In another fraught episode, Bannon-Shillea and a few other friends were in a van that got lost for part of an evening from a caravan in Etosha National Park in Namibia. They had seen a lion kill a springbok—a medium-sized antelope—and they asked the driver to slow down so they could take photographs, which led to them getting lost. She said that episode, like the baboon encounter, was frightening, but “we survived, and we have lots of really hilarious stories to tell about it.”
Bannon-Shillea, a graduate of Cherry Hill East High School, and a group of six students she made friends with on the trip adopted the nickname of “the African Queens” after her mother borrowed the title from the classic film starring Katherine Hepburn and Humphrey Bogart to describe them that way. “We’re all still friends to this day,” she said.
Now an art dealer living in Bethlehem, Pennsylvania, Bannon-Shillea was a single mom at the time and had to take out a loan to make the trip, but said it was well worth it. She still owns a painting she bought a gallery in Cape Town. “I don’t know where I had the audacity to go into a gallery and buy something,” said Bannon-Shillea, who now runs her own art gallery. “That’s the first piece of original art I ever bought in my life.”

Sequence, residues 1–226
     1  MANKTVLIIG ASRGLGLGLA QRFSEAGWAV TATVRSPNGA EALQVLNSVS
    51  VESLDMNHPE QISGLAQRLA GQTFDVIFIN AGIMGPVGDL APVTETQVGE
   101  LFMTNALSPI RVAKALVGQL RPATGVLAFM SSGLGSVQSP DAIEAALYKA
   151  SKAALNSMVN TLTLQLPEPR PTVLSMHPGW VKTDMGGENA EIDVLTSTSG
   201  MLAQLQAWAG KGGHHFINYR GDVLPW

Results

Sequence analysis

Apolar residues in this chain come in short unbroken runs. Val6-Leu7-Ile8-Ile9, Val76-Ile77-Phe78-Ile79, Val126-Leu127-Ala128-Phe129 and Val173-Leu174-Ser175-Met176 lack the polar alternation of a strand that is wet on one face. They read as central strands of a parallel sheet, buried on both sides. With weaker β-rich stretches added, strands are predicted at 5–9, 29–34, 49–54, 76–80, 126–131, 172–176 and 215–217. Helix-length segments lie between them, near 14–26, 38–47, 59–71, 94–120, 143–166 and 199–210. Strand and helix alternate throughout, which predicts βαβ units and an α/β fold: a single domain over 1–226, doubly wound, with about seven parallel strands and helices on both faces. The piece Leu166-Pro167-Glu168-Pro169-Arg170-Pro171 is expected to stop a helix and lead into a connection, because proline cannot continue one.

Although she has since traveled many places in the world, Bannon-Shillea often thinks about the trip and tells others about it. “I’m so glad Cal had the idea to do this,” she said. “It was life-changing for me.”
Studying abroad is something she encourages all college students to do, including many who have worked as interns for her. “I tell them they absolutely take some sort of study abroad,” she said. “It is really mind-expanding.”
A Focus on South Africa